Citation: Amisi CA, Ciccozzi M, Pozzilli P. Wrist circumference: A new marker for insulin resistance in African women with polycystic ovary syndrome. World J Diabetes 2020; 11(2): 42-51
Polycystic ovary syndrome (PCOS) is one of the most common endocrine disorders affecting women of reproductive age. Insulin resistance (IR), the major complication for women with PCOS, is strongly associated with an increased risk of cardiovascular diseases and diabetes and affects 35%-80% of women[2-4]. Early detection of IR could help prevent these complications. However, there is no consensus regarding the most accurate method to predict IR in women with PCOS.
In recent decades, several structural body components have been evaluated in relation to IR[5-9]. Waist circumference (WC), body mass index (BMI), waist-to-hip ratio (WHR), waist-to-height ratio (WHtR) are examples. However, because they are all based on body fat assessment, they cannot accurately predict IR in women with PCOS. Indeed, IR in PCOS in particular is independent of the BMI and body fat distribution[2,3]. Consequently, a more appropriate method that should be easy to perform is sought.
Among various markers of IR, the role of anthropometric indicators is obvious in developing countries. Because of poverty and a lack of suitable laboratories, biological evaluation of IR based on the measurement of insulin or other biological markers is difficult. Therefore, finding a marker that is not based on the measurement of fat, which is anthropometric and easy to perform, has become a challenge. Meeting this challenge has been the basis of our research.
Indeed, in a previous study, we found that IR in women with PCOS, although appearing to be a Western pathology when we look at the currently available literature, is commonly found among the African population. Moreover, one of two Congolese women with PCOS is insulin-resistant. However, many live with this burden and its consequences, and it is not well-treated. Recently, publications have reported on the bone system as a new endocrine organ[10,11]. Indeed, bone has been found to be involved in glucose metabolism via osteocalcin (OC) effects on insulin[11-16]. Osteocalcin, the hormone secreted by osteoblasts, exerts an endocrine regulation of sugar homeostasis by improving insulin sensitivity. It has been shown that in the presence of IR, its compensatory hyperinsulinaemia is associated with increased bone mass, which could be detected by a simple measurement of the wrist circumference (WrC). Wide WrC has been associated with IR[17-19]. Subsequently, the WrC has been proposed as a new easy-to-detect marker of IR in young obese people[17,20-21].
Given that most women with PCOS are insulin-resistant, independent of fat and characterized by hyperinsulinaemia[2,3,22], we hypothesized that in the presence of IR in Congolese women with PCOS, hyperinsulinaemia might induce increased bone mass that could be detected by the measurement of WrC. Wide WrC should be associated with IR in Congolese women with PCOS. Thus, WrC could be proposed as a new easy-to-detect marker for IR assessment in women with PCOS. The aim of this study was to assess the wrist circumference in Congolese women with PCOS in relation to IR using the Homeostasis Model Assessment as a biological reference marker.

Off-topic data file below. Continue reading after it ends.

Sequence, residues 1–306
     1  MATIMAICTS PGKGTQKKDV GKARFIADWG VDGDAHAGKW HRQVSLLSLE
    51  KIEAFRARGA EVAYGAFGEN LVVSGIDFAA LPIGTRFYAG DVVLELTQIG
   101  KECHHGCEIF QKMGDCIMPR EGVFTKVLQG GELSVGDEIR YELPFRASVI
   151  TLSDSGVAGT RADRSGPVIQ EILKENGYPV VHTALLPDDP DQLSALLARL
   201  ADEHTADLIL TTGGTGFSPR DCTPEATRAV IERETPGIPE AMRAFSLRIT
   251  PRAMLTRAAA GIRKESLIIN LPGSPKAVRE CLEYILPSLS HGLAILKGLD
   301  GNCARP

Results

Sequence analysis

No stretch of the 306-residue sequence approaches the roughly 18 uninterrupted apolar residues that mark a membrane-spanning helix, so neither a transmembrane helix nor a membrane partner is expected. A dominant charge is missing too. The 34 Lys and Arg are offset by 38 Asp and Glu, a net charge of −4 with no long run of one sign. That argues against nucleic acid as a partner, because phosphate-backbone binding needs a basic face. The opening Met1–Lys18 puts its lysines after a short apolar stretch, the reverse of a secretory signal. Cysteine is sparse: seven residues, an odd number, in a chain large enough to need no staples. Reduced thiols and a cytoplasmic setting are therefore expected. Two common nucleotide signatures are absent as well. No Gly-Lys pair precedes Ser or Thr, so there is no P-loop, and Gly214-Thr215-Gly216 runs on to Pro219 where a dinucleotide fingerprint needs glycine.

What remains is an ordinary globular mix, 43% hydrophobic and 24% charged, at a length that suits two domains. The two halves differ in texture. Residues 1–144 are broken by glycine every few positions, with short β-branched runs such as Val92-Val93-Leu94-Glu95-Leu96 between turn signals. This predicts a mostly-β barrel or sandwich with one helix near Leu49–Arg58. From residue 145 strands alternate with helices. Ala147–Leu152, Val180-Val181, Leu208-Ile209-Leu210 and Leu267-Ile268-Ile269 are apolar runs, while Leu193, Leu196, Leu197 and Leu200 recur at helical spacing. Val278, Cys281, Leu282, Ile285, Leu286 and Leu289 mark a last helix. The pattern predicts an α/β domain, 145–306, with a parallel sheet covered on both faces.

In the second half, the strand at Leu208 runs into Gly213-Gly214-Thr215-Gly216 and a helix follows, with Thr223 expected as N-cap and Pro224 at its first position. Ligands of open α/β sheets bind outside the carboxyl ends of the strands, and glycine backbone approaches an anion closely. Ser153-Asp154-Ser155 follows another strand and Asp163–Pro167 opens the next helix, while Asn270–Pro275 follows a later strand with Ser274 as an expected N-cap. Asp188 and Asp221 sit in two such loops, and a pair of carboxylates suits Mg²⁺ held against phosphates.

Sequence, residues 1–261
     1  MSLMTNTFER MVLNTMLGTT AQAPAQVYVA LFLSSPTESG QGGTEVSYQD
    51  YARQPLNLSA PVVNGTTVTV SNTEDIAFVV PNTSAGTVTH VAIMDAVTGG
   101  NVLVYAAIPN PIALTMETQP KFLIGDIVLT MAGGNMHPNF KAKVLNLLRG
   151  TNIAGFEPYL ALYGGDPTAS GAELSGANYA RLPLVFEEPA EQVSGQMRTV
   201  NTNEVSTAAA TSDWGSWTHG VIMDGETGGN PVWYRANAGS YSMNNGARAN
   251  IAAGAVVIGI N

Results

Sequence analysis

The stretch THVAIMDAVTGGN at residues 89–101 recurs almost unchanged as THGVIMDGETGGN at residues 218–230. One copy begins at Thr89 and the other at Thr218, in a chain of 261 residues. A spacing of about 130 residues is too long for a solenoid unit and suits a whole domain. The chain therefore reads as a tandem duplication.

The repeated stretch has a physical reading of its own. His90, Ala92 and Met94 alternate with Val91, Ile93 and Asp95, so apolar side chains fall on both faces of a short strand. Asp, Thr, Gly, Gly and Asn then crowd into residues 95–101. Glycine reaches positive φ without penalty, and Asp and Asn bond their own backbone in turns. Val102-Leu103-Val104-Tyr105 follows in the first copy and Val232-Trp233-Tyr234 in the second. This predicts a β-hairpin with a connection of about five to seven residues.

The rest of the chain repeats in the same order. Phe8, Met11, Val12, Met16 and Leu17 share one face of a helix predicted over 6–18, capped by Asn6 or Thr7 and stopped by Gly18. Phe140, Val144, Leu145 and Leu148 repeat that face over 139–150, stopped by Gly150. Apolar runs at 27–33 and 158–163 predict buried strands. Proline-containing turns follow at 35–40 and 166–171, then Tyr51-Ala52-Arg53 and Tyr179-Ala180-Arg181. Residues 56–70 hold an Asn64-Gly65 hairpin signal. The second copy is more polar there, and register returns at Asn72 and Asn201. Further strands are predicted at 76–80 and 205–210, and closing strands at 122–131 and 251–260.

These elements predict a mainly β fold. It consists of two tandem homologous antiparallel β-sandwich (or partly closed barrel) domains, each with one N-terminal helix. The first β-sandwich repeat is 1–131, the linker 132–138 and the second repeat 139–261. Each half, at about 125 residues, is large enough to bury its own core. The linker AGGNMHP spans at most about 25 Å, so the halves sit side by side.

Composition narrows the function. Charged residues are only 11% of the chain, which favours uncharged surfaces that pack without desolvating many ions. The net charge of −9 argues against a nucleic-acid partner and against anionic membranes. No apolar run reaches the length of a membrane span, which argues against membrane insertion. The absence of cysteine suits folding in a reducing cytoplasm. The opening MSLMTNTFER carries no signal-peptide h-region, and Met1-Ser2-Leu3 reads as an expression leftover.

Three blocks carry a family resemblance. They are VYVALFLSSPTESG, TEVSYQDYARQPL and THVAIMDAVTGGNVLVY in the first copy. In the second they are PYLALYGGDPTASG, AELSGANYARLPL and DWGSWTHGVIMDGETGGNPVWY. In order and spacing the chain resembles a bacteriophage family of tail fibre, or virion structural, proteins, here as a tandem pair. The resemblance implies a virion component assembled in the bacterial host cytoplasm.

MATERIALS AND METHODS
This prospective case-control study was performed from October 2015 to December 2016 in Kinshasa, the capital city of the Democratic Republic of Congo, and involved 72 women with PCOS and 71 controls. Because the prevalence of PCOS in the Democratic Republic of Congo is unknown, we have taken into account the global prevalence, which varies between 5%-10%, to determine our sample size. Because PCOS is largely unknown in the Democratic Republic of Congo, numerous real cases of PCOS are not found among outpatient clinics. Due to popular beliefs, many PCOS patients are often discouraged from seeing a doctor for numerous reasons: (1) The doctor visit is expensive; (2) Hirsutism is seen as a beautiful trait. In fact, women never consult for hirsutism; (3) Spaniomenorrhoea and/or amenorrhoea are sometimes seen as a normal phenomenon in a woman’s life, especially before marriage; and (4) Lack of efficacy of previous treatment received. For these reasons, our PCOS patients were recruited not only from outpatient clinics but also from universities and the community by means of personal interviews and advertising.
The patients were women with PCOS, all African and of reproductive age and from a Congolese ethnic group, without hormonal treatment for the 2 months preceding the study. The study protocol was approved by the ethical committee of the Università Campus Bio-Medico di Roma. Written informed consent was obtained from each subject before entry into the study. PCOS was defined according to the Rotterdam 2003 consensus, by the presence of at least two of the following three features: (1) Clinical and/or biochemical signs of hyperandrogenism; (2) Oligomenorrhoea and/or anovulation; and (3) Polycystic ovaries. Clinical hyperandrogenism was defined by a Ferriman-Gallwey score > 8. Age-matched control women came from the same ethnic group. They were of reproductive age, non-hirsute, without a personal or family history of hirsutism and/or endocrine disorders, and not on medical treatment.